My friend Brendan has been in search of stillness, and he recently wondered what it is about cabins that promises so fervently to quiet modern life.
“If we could just get out there, we could finally think, without distraction. For once. Chop some firewood, write a book, drink cowboy coffee, and paint watercolors as snow piles up outside our tiny calm spot in the universe out there in the woods,” he writes.
Yes. Absolutely. I’ve mused that thought many times myself, and it always starts with “just once.” Strip away everything until you’re left with nothing but the smell of pitch and the sound of wind through the needles. Then you’ll really be there.
Stillness, of course, is separate from noise, from externals, and BL writes lyrically about coming to the calm that so often eludes us. But even if you can find your center without fleeing to the woods, that certainly doesn’t reduce the very tangible power of escape to a place. A cabin, yurt, lean-to, cottage, a-frame, bach, we travel to and enter in these shelters to see the world and ourselves differently. We move to them, we surrounded ourselves by them, as if putting on new clothes, a new hat, a new skin. Yes, you can find stillness walking down a Manhattan street. But it’s different from than you’ll find at, say, this cabin near Callicoon, New York.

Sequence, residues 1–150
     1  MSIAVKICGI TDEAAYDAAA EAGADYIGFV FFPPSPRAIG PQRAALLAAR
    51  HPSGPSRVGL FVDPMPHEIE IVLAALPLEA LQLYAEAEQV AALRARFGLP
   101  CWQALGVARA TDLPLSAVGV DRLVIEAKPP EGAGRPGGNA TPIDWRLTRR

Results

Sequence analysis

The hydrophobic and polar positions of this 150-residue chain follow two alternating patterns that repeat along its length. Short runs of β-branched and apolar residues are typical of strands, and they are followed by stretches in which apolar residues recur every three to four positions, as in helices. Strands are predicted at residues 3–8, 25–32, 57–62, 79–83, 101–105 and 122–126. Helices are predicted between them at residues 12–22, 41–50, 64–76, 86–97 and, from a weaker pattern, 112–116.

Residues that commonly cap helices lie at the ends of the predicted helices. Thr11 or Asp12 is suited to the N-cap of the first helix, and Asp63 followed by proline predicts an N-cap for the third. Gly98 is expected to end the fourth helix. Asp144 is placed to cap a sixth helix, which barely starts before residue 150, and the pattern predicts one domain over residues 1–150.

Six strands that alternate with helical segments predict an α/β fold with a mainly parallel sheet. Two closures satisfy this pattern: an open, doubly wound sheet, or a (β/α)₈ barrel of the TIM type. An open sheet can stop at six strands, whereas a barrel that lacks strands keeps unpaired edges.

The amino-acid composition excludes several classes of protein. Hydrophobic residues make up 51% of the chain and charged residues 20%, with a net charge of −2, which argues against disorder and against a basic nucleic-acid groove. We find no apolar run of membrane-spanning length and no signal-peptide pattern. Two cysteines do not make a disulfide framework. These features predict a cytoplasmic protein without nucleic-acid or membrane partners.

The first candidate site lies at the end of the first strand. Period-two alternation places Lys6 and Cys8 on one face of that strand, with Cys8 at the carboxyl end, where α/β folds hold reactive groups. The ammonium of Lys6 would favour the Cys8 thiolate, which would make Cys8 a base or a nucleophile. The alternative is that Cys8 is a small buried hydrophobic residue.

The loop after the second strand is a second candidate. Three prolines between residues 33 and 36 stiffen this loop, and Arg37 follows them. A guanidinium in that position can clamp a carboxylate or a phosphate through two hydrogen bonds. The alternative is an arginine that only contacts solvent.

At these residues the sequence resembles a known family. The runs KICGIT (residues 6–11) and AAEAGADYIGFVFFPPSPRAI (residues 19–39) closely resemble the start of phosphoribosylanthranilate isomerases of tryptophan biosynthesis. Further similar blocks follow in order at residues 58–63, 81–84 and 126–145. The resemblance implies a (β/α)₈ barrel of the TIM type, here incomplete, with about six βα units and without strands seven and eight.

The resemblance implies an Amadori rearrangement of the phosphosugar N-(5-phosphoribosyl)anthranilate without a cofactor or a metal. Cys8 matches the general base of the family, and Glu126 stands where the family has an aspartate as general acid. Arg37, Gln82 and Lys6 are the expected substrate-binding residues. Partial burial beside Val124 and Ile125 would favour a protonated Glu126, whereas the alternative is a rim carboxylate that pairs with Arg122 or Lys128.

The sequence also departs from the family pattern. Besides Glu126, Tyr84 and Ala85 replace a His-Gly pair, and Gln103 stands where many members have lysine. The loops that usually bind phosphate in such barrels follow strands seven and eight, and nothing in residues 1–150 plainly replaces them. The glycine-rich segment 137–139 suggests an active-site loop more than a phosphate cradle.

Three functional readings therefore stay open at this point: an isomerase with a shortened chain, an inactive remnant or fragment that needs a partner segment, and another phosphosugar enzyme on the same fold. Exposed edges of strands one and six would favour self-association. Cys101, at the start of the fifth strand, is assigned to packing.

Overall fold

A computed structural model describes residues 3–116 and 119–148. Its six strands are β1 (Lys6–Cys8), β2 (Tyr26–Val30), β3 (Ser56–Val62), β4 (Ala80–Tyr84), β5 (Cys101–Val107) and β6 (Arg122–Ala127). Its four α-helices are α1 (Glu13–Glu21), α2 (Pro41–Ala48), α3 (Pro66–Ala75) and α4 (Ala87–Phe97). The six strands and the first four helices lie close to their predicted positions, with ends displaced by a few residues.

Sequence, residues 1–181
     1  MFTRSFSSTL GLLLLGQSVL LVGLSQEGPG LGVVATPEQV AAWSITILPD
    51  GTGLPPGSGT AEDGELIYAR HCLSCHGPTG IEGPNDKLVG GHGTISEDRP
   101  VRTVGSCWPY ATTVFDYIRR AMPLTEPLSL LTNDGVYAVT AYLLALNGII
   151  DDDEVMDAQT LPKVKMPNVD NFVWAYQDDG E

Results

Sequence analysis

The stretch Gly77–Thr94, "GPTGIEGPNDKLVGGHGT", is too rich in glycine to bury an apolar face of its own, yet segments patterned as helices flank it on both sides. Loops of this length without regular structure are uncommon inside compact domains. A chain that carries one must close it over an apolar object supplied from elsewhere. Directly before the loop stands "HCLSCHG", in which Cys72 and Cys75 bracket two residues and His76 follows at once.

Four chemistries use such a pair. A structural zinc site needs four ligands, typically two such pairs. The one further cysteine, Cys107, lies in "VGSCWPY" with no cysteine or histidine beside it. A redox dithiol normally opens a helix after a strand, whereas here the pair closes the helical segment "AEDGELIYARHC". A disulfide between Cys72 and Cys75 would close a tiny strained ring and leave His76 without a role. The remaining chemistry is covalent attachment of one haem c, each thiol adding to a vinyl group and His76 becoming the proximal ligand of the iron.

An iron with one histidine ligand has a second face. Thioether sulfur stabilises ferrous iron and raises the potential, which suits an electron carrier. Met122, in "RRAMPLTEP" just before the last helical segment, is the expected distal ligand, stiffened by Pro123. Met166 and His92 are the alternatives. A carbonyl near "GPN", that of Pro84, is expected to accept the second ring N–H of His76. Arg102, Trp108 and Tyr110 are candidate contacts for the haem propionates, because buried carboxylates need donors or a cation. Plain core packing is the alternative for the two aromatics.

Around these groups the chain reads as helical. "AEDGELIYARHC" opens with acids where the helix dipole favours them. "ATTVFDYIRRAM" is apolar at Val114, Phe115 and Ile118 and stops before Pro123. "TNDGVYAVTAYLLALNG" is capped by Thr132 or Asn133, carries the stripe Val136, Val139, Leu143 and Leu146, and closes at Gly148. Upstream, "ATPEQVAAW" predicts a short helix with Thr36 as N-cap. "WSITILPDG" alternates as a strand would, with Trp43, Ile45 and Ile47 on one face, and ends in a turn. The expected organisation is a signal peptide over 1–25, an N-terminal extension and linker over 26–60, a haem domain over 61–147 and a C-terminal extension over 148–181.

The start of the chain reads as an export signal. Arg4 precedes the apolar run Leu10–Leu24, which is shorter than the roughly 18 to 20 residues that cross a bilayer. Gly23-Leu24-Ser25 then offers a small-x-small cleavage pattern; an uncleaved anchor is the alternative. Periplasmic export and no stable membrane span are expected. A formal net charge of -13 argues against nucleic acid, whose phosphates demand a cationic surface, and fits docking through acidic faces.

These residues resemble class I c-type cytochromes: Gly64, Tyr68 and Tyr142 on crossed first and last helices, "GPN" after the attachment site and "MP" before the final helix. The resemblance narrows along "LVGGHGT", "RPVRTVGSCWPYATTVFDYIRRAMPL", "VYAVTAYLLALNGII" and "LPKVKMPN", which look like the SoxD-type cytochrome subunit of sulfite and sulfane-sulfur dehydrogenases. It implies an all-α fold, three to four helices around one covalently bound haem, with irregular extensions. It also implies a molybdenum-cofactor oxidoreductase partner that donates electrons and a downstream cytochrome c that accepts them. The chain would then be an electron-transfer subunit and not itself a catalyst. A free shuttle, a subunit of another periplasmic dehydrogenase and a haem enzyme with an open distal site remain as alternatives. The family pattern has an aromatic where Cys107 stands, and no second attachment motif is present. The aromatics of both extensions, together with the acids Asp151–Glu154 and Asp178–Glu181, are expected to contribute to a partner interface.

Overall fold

This is a cabin at its most basic, a simple box with little adornment. The appointments are clearly considered — a wool blanket, a wooden tub, a clutch of feathers — but they are spare. Perhaps it’s because the cabin is located a few hundred yards from the main house and it doesn’t need to pull much weight, but no matter, the effect is one of, well, calm. A little shed surrounded by 130 acres, some fields to look at and a forest over yonder. What more could you want? Actually, if anything, you’d want less — a place to be, with little distraction.
The cabin is owned by photographer Matthew Hranek, who recently has begun renting it for $250 a night (no, not cheap, but what cost quiet?). As he describes it, it has: local roasted coffee (French press), Coleman cooler, Weber grill, outdoor fireplace, local radio, Japanese-style soaking tub, outdoor shower, list of local food, beverage, and shopping options. What is doesn’t have is: wi-fi, cell service, television, phone, iPod dock, room service, or mini bar.
A flask of whiskey, however, is available.
Yes, that should do the trick. Just once.
For information on rentals, email matthrewhranke-at-gmail.com.
Weekend Cabin isn’t necessarily about the weekend, or cabins. It’s about the longing for a sense of place, for shelter set in a landscape…for something that speaks to refuge and distance from the everyday. Nostalgic and wistful, it’s about how people create structure in ways to consider the earth and sky and their place in them. It’s not concerned with ownership or real estate, but what people build to fulfill their dreams of escape. The very time-shortened notion of “weekend” reminds that it’s a temporary respite.